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By Phoebe Reeves Murray
Warm light floated into the dark room as the nursery door whispered open. Sleet cracked against the windowpanes. “Listen, baby, it sounds like tiny bullets.” Mommy kissed the baby and laid him down in his crib. The baby stared at the snow shadows slithering down the glass, at the thundersnow lighting up shifting black shapes. “My little baby, you are so new, so innocent. You don’t know anything yet. I’ll tell you a bedtime story.” She hopped a bunny plushie near the baby. “Once there were two rabbits…now there are millions of them. The End.” The baby whimpered. Mommy picked him up and put him to her breast. He nursed. “Shh, shh,” she said, swaying. “Don’t be afraid of the dark, my baby, remember what it was like living in the dark inside me?” The baby grew warm and sleepy. Mommy laid him back in his crib and went back to the party.
The baby lay still awake as the nursery door drifted closed again. His hands waved in the air and he looked up at the circus wallpaper, all the way up to where the wall met the ceiling. A pod of dolphins balanced balls on their noses and danced along an endless wave. Below that, another row of creatures, then another, and another and so on. Blue-white lightening exploded, throwing the rows of animals in sharp relief. The baby’s gaze focused on a line of elephants wearing tassels and headdresses that paraded in a line, holding each other by the tail. Below them cantered a line of rhinoceroses wearing tassels and g-strings. Beneath them, a herd of giraffes. In between every row danced ringmasters with whips.
The baby kicked off his blanket. He sucked a tiny fist as the lines where the walls and ceiling met grew darker, darker, curled outward with a sticky sound. The winged monkeys crawled into the room.
The winged monkeys rolled the wallpaper, rotting it black as they did. Black cracks in the paper snaked onto the dolphins. The winged monkeys swung tiny human figures as they crawled down the wall. The swinging figures had bloated stomachs and stick arms and legs like starving babies. They grabbed a baby dolphin and passed it from monkey to monkey. The winged monkeys posed laughing and screeching at the baby dolphin. The swinging babies took selfies with the monkeys squeezing the baby dolphin until there was nothing left of it but shredded skin and blood.
The bloated stick figures threw the dead baby dolphin into the row of elephants as lightening lit up the wall again. Elephants exploded. One crumpled to its knees, back legs splayed out behind it, one of the monkey’s chainsaws leaving bloody meat for a face with bloody eyes on either side of where a trunk and tusks used to be. Monkeys with machetes hacked off the ears of a second elephant and carved maps on the severed ears. A baby elephant ran from a monkey who caught it, wrapped it in chains, and shoved it into an oubliette. Blood dripped down the wallpaper into the oubliette.
The baby’s eyes moved to what had been a row of galloping giraffes. Now, two blindfolded giraffes stood swaying in the back of a truck driving towards a bridge. One giraffe ducked. The other’s head smashed against the bridge, bursting blood across other rows of other animals.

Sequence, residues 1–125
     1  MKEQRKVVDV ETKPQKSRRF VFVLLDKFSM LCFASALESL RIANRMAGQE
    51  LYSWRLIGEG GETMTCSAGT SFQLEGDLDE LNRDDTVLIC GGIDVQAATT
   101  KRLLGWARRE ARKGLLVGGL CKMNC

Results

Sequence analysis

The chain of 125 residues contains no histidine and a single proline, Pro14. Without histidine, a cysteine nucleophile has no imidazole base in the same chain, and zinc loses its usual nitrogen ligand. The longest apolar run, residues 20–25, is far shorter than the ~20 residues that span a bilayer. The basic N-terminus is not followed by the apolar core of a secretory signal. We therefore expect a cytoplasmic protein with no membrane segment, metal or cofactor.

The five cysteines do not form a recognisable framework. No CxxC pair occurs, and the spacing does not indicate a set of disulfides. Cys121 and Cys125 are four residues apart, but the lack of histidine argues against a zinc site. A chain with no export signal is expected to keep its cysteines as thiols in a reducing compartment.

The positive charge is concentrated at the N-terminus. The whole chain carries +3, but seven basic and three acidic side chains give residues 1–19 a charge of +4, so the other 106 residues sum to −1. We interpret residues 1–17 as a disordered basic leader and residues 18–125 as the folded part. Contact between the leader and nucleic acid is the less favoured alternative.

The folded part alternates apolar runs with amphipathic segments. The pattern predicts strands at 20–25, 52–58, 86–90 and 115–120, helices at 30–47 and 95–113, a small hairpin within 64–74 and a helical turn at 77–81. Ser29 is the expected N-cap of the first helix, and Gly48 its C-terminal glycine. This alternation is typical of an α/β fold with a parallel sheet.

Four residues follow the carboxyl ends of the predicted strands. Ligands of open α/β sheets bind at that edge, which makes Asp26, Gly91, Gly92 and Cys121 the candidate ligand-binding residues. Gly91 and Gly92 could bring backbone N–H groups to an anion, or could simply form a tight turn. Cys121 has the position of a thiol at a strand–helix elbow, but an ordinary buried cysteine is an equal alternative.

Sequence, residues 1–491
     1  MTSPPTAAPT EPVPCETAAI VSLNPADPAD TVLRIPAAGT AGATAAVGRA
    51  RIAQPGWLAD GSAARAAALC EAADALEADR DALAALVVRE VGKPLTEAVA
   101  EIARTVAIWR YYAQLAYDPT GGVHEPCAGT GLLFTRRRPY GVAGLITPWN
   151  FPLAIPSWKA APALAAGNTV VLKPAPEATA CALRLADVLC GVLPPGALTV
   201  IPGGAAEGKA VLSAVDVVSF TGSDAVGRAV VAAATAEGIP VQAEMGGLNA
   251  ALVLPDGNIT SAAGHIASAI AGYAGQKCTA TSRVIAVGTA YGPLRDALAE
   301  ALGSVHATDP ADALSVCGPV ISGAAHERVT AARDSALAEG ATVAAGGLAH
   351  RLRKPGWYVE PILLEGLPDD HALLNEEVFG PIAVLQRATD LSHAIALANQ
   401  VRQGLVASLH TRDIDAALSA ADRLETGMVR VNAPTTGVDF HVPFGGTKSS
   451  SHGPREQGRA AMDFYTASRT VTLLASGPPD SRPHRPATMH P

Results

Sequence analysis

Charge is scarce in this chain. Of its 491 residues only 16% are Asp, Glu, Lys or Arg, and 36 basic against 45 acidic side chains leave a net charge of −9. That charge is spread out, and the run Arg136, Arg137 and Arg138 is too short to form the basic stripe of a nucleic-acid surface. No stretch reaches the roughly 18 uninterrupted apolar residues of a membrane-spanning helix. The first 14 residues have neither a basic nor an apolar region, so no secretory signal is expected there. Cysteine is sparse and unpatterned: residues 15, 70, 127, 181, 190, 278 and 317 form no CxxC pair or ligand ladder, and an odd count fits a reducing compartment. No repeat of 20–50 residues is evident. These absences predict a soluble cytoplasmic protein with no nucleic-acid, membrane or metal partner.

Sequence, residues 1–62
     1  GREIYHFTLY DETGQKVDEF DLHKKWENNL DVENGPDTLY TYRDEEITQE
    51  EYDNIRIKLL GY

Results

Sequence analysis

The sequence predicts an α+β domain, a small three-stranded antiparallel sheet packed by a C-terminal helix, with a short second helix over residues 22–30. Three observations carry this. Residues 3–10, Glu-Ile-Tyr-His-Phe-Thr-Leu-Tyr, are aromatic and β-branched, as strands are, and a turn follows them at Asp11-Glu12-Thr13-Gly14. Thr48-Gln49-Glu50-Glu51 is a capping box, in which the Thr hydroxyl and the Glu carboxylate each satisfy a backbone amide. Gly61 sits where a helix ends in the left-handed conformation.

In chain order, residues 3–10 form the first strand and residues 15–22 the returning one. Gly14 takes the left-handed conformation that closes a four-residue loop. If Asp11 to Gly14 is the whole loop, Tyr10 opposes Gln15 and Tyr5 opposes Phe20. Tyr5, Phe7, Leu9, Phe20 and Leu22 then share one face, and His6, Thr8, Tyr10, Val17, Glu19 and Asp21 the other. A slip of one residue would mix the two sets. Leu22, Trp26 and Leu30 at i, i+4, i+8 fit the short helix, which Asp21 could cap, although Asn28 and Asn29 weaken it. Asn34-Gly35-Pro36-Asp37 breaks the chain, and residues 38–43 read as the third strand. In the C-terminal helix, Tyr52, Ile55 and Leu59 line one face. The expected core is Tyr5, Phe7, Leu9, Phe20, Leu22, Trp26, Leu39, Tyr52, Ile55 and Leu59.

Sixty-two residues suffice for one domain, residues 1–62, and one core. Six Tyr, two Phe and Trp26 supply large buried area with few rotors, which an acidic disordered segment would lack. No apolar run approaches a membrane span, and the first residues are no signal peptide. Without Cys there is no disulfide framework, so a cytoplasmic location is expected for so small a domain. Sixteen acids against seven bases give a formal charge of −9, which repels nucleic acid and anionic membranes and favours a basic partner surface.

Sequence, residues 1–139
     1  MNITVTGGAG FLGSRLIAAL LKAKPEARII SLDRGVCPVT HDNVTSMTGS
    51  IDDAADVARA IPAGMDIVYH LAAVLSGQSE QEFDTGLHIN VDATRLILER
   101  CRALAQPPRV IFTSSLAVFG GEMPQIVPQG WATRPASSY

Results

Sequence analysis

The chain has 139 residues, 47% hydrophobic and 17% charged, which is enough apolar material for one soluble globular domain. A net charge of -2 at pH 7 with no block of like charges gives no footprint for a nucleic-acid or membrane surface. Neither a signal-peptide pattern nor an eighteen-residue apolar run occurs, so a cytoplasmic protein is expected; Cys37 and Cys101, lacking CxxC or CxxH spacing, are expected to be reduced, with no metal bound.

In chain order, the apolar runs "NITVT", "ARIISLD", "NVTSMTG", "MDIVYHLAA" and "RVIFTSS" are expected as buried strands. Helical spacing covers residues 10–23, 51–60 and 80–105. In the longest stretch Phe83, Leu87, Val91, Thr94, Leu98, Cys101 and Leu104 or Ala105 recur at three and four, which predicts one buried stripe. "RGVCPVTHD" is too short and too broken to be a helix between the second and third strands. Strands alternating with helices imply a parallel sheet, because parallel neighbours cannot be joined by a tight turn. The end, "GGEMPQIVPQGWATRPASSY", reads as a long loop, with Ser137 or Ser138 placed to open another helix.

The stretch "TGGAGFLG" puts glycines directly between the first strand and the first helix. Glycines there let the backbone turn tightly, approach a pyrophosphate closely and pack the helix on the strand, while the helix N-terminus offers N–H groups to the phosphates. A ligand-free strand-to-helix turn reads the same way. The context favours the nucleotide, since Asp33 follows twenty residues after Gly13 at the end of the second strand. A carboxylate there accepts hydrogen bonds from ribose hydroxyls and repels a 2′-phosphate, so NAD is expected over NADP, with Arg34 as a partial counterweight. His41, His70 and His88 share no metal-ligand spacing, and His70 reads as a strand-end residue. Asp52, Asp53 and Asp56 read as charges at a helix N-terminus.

The winged monkeys set the dripping blood on fire and blew it all over the trapped emaciated figures who screamed in pain. The baby whimpered and sucked hard on his own fist.
The baby’s daddy came into the room, carrying the baby monitor, frowning. “You afraid? Your mommy should have turned on your nightlight.” The daddy flicked a little switch and the purple black darkness recoiled from the tiny circle of warm yellow. The baby’s eyes were open. The animals were dancing their way towards the circus again. “What’s wrong, little man? The darkness can’t hurt you.” The daddy picked up the baby. The baby smelled his father, squirmed closer.
“Bad ole crack, Monsters, go back,” the daddy chanted, and kissed the baby.
The baby’s eyes stared at the crack where the wallpaper had rolled away from the ceiling’s edge. The daddy turned, saw the peeling paper. He set the baby in his crib and got a chair. Standing on tiptoe, he tried to roll the paper back in place. The paper’s edge sliced into his fingertips. “Damn it!” He covered his mouth sheepishly, smearing blood along the corner of his mouth. “I didn’t mean to say bad words—forget you heard that—your mommy’d kill me! Good thing, I have the monitor with me!” He turned back to the wall. “How’re we gonna fix this? Don’t worry! I won’t let anything happen to you.” Wiping his blood like paste on the peeling wallpaper, the daddy sealed up the crack in the wall, trapping all the winged monkeys. The daddy’s bloody hands slid down the wall so he could get down from the chair. The corner was just a corner again. Every line of animals was back the way it had first been on the wallpaper. Except there was the daddy’s blood on the wall. Once there were two rabbits…bad old crack, monsters go back. At the edge of the nightlight’s glow, a naked misshapen child sucked the daddy’s blood off his fist.
“Watch the nightlight until you go to sleep, keeps the monsters away,” his daddy whispered. He kissed the baby, and left, closing the door.
Now the baby lay there. His eyes were open. His gaze moved in and out of the nightlight’s glow. There were animals, now there are no animals. When he finally closed his eyes, he found them waiting for him in the darkness.
#Unreal #Fiction #Horror #Nursery #Animals #Blood #Attack #GoToSleep
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